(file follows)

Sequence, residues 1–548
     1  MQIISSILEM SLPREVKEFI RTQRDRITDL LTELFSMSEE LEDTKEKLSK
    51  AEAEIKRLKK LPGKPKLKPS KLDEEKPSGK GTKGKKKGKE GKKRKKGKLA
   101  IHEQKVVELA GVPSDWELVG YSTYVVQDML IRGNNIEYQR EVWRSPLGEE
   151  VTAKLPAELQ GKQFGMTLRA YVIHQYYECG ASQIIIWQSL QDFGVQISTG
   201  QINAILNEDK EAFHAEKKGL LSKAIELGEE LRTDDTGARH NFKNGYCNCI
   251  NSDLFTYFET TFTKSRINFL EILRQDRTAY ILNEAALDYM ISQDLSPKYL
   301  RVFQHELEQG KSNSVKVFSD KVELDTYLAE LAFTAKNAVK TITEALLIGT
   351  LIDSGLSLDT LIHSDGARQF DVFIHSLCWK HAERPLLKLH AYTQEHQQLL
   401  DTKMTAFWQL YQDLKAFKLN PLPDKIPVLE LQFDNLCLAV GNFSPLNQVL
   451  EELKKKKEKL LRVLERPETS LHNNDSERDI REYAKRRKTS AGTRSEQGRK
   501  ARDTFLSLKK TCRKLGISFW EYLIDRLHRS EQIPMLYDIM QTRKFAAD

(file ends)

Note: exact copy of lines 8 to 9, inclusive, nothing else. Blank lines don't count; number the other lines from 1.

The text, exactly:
   301  RVFQHELEQG KSNSVKVFSD KVELDTYLAE LAFTAKNAVK TITEALLIGT
   351  LIDSGLSLDT LIHSDGARQF DVFIHSLCWK HAERPLLKLH AYTQEHQQLL